If the Kernel of a Matrix $A$ is Trivial, then $A^T A$ is Invertible

Stanford University Linear Algebra Exam Problems and Solutions

Problem 38

Let $A$ be an $m \times n$ real matrix.
Then the kernel of $A$ is defined as $\ker(A)=\{ x\in \R^n \mid Ax=0 \}$.

The kernel is also called the null space of $A$.
Suppose that $A$ is an $m \times n$ real matrix such that $\ker(A)=0$. Prove that $A^{\trans}A$ is invertible.

(Stanford University Linear Algebra Exam)

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We will give two proofs.

Both proofs try to prove $\ker(A^{\trans}A)=0$. The method in the 1st proof is more or less direct computation.

For the second proof, you need to remember the relation between the transpose and the orthogonal complement of a vector space.

1st proof

Since the size of the transpose $A^{\trans}$ is $n\times m$, the product $A^{\trans}A$ is a $n\times n$ square matrix.
To show that it is invertible, we show that the kernel of $A^{\trans}A$ is trivial.
Then the result follows since $A^{\trans}A$ is an injective linear transformation from $\R^n$ to $\R^n$, thus an isomorphism. Hence $A^{\trans}A$ is invertible.


To show that the kernel of $A^{\trans}A$ is trivial, denote $A=[A_1 A_2\dots A_n]$, where $A_i$ is the $i$-th column vector of $A$.
Note that the column vectors $A_i$ are linearly independent since $\ker(A)=0$.

Then
\[A^{\trans}=\begin{bmatrix}
A_1^{\trans} \\
A_2^{\trans} \\
\vdots \\
A_n^{\trans}
\end{bmatrix}.\]

Now we suppose that $A^{\trans}Ax=0$ for $x=\begin{bmatrix}
x_1 \\
x_2 \\
\vdots \\
x_n
\end{bmatrix}\in R^n$.
Then we have
\begin{align*}
0=&A^{\trans}A x\\[6pt] &=\begin{bmatrix}
A_1^{\trans}A_1 & A_1^{\trans}A_2 & \cdots & A_1^{\trans}A_n \\
A_2^{\trans}A_1 &A_2^{\trans}A_2 & \cdots & A_2^{\trans}A_n \\
\vdots & \vdots & \vdots & \vdots \\
A_n^{\trans}A_1 & A_n^{\trans}A_2 & \cdots & A_n^{\trans}A_n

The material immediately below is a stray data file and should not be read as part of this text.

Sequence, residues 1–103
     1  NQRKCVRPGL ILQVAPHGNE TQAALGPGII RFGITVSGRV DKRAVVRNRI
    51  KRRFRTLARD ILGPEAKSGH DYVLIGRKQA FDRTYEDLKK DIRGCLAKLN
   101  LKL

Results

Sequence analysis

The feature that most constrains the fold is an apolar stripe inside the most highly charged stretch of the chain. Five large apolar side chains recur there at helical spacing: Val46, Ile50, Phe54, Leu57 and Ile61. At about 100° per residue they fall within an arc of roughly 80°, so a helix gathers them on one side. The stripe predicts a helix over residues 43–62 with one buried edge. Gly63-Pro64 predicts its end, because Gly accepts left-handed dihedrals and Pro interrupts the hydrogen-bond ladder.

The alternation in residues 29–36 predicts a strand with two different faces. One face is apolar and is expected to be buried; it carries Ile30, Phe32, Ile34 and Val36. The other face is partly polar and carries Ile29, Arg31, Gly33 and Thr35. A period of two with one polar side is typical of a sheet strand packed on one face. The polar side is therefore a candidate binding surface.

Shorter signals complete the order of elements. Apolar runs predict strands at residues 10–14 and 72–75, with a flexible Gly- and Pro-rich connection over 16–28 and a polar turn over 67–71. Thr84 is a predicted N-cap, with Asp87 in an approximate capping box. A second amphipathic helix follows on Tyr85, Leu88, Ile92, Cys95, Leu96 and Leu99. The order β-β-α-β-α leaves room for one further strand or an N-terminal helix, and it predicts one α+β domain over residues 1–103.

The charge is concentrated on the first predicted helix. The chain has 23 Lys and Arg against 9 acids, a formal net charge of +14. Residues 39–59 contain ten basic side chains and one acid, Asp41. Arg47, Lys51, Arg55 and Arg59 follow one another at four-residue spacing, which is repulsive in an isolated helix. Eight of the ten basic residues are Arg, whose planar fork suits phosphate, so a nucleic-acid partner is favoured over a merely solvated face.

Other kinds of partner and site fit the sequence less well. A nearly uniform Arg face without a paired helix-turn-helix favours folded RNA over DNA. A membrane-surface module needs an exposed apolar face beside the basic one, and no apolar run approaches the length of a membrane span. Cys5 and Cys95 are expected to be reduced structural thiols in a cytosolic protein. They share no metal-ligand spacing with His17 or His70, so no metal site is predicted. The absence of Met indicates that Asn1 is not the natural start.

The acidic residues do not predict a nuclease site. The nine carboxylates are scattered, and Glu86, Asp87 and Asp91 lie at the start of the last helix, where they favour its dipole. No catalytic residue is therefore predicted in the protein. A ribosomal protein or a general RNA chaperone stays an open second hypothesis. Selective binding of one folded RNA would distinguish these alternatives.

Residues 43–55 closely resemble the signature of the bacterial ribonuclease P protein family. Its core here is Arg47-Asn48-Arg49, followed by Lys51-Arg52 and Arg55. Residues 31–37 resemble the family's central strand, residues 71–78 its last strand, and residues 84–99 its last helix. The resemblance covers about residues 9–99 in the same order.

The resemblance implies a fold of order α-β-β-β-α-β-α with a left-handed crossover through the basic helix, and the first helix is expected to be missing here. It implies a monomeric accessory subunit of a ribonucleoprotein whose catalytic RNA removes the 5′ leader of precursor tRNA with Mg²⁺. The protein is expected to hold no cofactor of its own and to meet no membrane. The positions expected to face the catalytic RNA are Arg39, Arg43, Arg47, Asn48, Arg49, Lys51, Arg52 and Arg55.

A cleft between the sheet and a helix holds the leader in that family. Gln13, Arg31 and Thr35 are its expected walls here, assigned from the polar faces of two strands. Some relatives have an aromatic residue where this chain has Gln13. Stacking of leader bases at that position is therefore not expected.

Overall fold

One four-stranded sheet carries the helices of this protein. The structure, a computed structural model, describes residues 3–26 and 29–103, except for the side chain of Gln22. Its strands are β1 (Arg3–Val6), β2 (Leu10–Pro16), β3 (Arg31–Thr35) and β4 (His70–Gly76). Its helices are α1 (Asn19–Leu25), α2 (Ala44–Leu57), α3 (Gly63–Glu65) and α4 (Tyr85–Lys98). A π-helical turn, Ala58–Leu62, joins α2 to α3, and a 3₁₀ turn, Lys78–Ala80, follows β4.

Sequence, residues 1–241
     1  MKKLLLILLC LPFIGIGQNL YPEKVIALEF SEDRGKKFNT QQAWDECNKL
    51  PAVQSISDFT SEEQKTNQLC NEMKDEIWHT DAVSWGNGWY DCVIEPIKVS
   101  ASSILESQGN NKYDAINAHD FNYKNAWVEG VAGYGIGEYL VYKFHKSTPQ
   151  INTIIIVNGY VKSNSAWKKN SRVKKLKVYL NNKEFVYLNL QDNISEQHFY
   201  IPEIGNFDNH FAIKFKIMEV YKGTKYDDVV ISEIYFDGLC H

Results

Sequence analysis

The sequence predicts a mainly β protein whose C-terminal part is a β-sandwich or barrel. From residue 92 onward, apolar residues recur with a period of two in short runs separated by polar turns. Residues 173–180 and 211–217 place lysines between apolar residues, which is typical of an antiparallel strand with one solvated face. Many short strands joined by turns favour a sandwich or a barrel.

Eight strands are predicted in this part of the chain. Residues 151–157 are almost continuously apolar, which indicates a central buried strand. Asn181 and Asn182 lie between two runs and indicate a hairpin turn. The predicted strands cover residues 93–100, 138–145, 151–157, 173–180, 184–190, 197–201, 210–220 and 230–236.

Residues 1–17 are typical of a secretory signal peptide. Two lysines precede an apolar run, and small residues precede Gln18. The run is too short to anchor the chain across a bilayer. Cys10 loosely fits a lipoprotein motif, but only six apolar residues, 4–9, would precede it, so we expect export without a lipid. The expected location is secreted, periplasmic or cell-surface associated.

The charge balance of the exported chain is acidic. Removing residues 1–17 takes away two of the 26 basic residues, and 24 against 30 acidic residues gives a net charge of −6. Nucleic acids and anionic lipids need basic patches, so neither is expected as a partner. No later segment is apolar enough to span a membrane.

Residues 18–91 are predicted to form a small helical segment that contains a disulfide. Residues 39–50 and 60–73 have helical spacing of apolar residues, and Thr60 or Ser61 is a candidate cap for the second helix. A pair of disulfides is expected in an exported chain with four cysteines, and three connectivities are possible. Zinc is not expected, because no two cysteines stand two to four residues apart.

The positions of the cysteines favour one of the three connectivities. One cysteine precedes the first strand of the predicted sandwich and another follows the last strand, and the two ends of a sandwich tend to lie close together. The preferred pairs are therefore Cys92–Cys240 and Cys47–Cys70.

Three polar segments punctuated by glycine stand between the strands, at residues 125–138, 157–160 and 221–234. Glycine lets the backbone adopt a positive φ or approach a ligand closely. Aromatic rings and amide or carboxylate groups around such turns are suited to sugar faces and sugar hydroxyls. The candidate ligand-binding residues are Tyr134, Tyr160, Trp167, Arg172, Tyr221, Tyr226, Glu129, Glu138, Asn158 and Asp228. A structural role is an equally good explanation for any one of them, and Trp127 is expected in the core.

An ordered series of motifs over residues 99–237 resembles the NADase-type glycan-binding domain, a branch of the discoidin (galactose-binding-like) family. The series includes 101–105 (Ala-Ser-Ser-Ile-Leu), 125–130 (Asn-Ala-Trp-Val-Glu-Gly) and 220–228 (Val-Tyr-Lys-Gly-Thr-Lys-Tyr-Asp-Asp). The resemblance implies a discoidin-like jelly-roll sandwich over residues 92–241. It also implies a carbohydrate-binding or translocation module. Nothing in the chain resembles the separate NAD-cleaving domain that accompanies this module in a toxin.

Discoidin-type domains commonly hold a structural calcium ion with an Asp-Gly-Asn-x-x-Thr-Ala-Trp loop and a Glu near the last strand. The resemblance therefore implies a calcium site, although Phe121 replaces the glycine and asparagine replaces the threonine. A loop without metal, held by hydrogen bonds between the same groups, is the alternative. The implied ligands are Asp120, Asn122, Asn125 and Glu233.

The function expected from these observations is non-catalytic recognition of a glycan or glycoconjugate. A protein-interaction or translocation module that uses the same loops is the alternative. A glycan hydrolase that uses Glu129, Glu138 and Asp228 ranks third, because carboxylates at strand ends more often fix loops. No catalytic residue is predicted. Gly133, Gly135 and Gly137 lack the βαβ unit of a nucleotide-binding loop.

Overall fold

\end{bmatrix}x\\[6pt] &=\begin{bmatrix}
A_1^{\trans}(x_1 A_1+\cdots +x_n A_n) \\
A_2^{\trans}(x_1 A_1+\cdots+x_n A_n \\
\vdots \\
A_n^{\trans}(x_1 A_1+\cdots+x_n A_n)
\end{bmatrix}.
\end{align*}

Therefore we have $A_i^{\trans}(x_1 A_1+\cdots+x_n A_n)=0$ for all $i=1,\dots, n$.
Equivalently, we have the inner product $A_i\cdot Ax=0$ for all $i=1,\dots,n$.

If $Ax=x_1 A_1+\cdots+x_n A_n\neq 0$, then the vectors $A_1, A_2, \dots, A_n, Ax$ are linearly independent vectors in $\R^n$ since $A_1,\dots, A_n$ are linearly independent and the inner products with $A_i$ and the vector $Ax$ are all zero, hence they are orthogonal.

However, this is a contradiction since there are $n+1$ linearly independent vectors in $\R^n$ of dimension $n$ vector space. Thus, we must have $Ax=0$. Since the kernel of $A$ is trivial, this implies $x=0$. Therefore the kernel of $A^{\trans}A$ is trivial.

2nd proof

In the second proof, we still want to prove the kernel of $A^{\trans}A$ is trivial.

Let $x\in \ker(A^{\trans}A)$.
Then we have $A^{\trans}(Ax)=0$ and thus $Ax \in \ker(A^{\trans})=\im(A)^{\perp}$.

On the other hand, clearly $Ax \in \im(A)$.
Thus $Ax \in \im(A)\cap \im(A)^{\perp}=\{0\}$.
So we have $Ax=0$, and $x=0$ since $\ker(A)=0$.

Therefore $\ker(A^{\trans}A)=0$, and since any injective homomorphism from $\R^n$ to itself is an isomorphism, we conclude that $A^{\trans}A$ is invertible.


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